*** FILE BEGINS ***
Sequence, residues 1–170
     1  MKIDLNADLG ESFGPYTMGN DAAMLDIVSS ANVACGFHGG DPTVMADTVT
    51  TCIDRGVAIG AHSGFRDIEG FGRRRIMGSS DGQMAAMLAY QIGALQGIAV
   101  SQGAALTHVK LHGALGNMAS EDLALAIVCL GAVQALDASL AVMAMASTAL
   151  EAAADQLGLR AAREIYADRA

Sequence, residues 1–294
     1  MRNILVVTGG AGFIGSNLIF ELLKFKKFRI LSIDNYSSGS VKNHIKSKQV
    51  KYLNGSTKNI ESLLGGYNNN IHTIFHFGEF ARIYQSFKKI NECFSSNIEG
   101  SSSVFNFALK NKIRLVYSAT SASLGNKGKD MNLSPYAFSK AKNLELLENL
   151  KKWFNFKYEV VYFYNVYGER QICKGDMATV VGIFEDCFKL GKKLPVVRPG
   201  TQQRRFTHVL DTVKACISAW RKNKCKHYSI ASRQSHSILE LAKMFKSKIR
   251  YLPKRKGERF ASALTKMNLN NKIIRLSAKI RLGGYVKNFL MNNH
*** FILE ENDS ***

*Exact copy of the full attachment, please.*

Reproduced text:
Sequence, residues 1–170
     1  MKIDLNADLG ESFGPYTMGN DAAMLDIVSS ANVACGFHGG DPTVMADTVT
    51  TCIDRGVAIG AHSGFRDIEG FGRRRIMGSS DGQMAAMLAY QIGALQGIAV
   101  SQGAALTHVK LHGALGNMAS EDLALAIVCL GAVQALDASL AVMAMASTAL
   151  EAAADQLGLR AAREIYADRA

Sequence, residues 1–294
     1  MRNILVVTGG AGFIGSNLIF ELLKFKKFRI LSIDNYSSGS VKNHIKSKQV
    51  KYLNGSTKNI ESLLGGYNNN IHTIFHFGEF ARIYQSFKKI NECFSSNIEG
   101  SSSVFNFALK NKIRLVYSAT SASLGNKGKD MNLSPYAFSK AKNLELLENL
   151  KKWFNFKYEV VYFYNVYGER QICKGDMATV VGIFEDCFKL GKKLPVVRPG
   201  TQQRRFTHVL DTVKACISAW RKNKCKHYSI ASRQSHSILE LAKMFKSKIR
   251  YLPKRKGERF ASALTKMNLN NKIIRLSAKI RLGGYVKNFL MNNH